Reply to the Laddies - A female guest will reply to points raised in the last speech. These are often both written together to allow this interaction. Works by Burns

After the speeches there may be songs by Burns and more poetry.

Finally, the host will ask one of the guests to give a brief thank you to everyone involved.

Then, as is the tradition for these events, everyone is asked to stand, join hands, and sing Auld Lang Syne together to close the night on a high note.

At the opposite end of the spectrum, many people might have some friends round to enjoy a meal of haggis with no formality or speeches to be seen. Everyone can enjoy it in their own way.

Different ways to cook haggis

Beef Wellington with Haggis

Give this classic luxury dish a Burns night twist with the addition of haggis. Its natural richness is a great addition to the earthiness of the mushroom duxelles.

Try this recipe from Chef Eddie and serve up a taste of luxury.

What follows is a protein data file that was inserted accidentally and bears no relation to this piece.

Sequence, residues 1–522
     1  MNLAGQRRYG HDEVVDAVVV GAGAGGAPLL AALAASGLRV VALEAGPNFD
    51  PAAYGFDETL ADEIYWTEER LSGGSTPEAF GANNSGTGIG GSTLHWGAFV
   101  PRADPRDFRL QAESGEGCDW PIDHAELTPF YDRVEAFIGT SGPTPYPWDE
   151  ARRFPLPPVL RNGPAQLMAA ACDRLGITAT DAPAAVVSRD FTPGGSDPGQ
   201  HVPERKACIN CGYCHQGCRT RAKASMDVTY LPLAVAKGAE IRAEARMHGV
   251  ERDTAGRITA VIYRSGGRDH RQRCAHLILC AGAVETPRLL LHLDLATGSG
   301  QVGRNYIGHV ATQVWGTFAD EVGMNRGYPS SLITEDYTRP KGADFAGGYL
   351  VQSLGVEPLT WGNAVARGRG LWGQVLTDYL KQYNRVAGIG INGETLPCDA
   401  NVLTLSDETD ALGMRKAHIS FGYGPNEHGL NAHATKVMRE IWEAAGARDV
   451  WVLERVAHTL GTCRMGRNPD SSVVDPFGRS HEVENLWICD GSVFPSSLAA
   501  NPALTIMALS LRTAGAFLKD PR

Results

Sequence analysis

Speyside Chicken Supremes


This Balmoral chicken recipe has more than a little Scottish influence. Chicken stuffed with haggis and a punchy whisky cream sauce that is delicious and easy.

Try our Chef's recipe and serve with your favourite sides.

Haggis Bon Bons


The perfect buffet treat - and a great way to try haggis if it's new to you.

Crisp on the inside, with a juicy warming centre - the addition of whisky is a match made in heaven.

Try our Chef's recipe for your next party food.

Our Chef's top tips for cooking haggis

If you’re hosting your own Burns Supper – or enjoying haggis, neeps and tatties any time of the year, here are Chef Eddie’s tips based on many years of Burns Suppers:

  • A wee touch of brown sugar in the neeps helps to deepen and enhance the flavour.
  • If your neeps look a little pale in colour add a tiny touch of turmeric, this will make them more vibrant. A little goes a long way, so only a pinch as you don’t want to flavour them.
  • Traditionally, you would serve chappit neeps (coarsely mashed) but I like to purée them to make sure they are really smooth.
  • If you’re microwaving the haggis, break it up first to ensure it heats more evenly. Cover the dish with cling film and mix occasionally.
  • Here’s a tip for the best mash. I like to bake my potatoes in the skins, scoop out the insides and then mash them.
  • It’s normally just loaded onto the plate, but for a dinner party presentation, use Chef’s rings and stack the different elements in a tower.